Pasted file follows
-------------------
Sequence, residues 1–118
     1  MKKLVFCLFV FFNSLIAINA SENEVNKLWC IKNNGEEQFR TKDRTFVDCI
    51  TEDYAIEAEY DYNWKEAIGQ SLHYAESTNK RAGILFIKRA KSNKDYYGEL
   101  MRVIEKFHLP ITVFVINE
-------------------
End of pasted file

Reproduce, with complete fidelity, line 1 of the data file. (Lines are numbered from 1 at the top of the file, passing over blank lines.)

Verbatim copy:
Sequence, residues 1–118